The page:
Well, it turns out that Absolutely Gospel didn’t really mean anything that specific by “addressing rumors” in Part 2 of their Ernie Haase interview. Part of it was just his sharing the backstory behind “Any Other Man,” which came out of some righteous anger towards people spreading gossip about the group on forums and such. No specifics were given, and I actually don’t feel like specifics are needed. Some of us have seen such gossip ourselves, and it doesn’t deserve the oxygen of publicity.
But part of it was also a discussion of the group’s entertainment philosophy, and I wanted to spark a discussion based on that. Ernie re-hashed some of his usual talking-points on the topic, but I don’t think I’ve seen him do it quite this candidly before. As he’s done before, he addressed the danger of spiritual manipulation in a concert setting, and this time he specifically connected it with his philosophy of entertainment. He said that he’d rather be “blatant” about “just” entertaining someone than entertain someone under the guise of having a fake “spiritual moment” on the stage. This is something I’ve always respected him for.
He also revisited something he’s been saying for years in response to the accusation that Signature Sound is nothing but empty flash, which is that it’s never been his intention to give that impression, and it comes from a very sincere desire to simply bring one’s top game to the table when presenting this music. When he looks at the production quality of secular music, he wants to aim for that bar because he believes Southern Gospel deserves the best in production and presentation.
But it got me to thinking—they didn’t really get into a lot of specifics in the interview on exactly what that “top shelf” production looks like when you break it down into its component parts. Obviously one huge component is the live band. That’s something that definitely sets Signature Sound apart from the pack. They also have a light show and the occasional fog/dry ice/whatever you call it.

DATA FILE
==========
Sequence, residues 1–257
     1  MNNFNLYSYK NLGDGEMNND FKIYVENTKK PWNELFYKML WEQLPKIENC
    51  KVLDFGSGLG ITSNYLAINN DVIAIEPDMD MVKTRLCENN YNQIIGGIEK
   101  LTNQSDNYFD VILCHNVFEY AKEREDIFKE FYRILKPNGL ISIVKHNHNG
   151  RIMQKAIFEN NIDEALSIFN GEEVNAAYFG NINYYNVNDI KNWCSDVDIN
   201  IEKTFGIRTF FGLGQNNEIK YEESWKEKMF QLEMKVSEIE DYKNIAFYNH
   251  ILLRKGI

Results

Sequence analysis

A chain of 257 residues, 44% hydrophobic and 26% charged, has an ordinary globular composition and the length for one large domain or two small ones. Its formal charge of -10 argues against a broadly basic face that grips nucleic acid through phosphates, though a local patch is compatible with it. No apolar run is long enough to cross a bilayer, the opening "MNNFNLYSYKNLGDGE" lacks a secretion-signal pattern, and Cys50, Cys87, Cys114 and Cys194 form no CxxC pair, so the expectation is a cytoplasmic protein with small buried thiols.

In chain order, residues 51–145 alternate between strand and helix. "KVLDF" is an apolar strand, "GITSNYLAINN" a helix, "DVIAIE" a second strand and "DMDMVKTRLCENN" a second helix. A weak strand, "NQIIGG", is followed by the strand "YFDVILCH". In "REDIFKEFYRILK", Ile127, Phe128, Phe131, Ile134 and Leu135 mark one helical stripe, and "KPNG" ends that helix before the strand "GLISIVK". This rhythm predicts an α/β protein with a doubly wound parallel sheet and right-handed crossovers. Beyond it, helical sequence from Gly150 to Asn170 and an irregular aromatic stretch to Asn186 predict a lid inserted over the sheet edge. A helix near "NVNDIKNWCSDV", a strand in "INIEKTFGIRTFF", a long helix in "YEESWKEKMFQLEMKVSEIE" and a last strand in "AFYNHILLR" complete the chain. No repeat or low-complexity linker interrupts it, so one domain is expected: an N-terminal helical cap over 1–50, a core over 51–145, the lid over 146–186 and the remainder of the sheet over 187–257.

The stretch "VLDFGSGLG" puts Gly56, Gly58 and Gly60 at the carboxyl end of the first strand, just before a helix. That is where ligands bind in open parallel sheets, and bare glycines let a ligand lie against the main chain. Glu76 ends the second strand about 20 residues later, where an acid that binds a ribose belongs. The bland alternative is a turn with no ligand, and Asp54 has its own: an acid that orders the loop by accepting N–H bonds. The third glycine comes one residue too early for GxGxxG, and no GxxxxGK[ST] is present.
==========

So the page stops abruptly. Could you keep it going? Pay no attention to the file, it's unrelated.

The thing is though, I’m not sure how much the quality of entertainment really rests on those things, with the possible exception of a live band. It seems like if you’re bringing quality singing and quality songs, with quality emceeing, you’re already presenting southern gospel well. I think the Booth Brothers are a great example of a group who consistently delivers top-notch entertainment with pretty much no “extra” stuff—they even get away without having a live band. Lights and fog are nice, but I wouldn’t say they always add something.
So I would say that Signature Sound are definitely great entertainers, but at the same time I think there’s more than one way to skin that cat. And since Southern Gospel IS different from pop or rock, one can only “borrow” so much. And frankly from a purely musical perspective, there’s a lot of poor quality junk out there in the secular arena too. It’s not like it’s automatically good just because it’s on American Idol (and I’m not even getting into issues like lyrical content).
What do you think?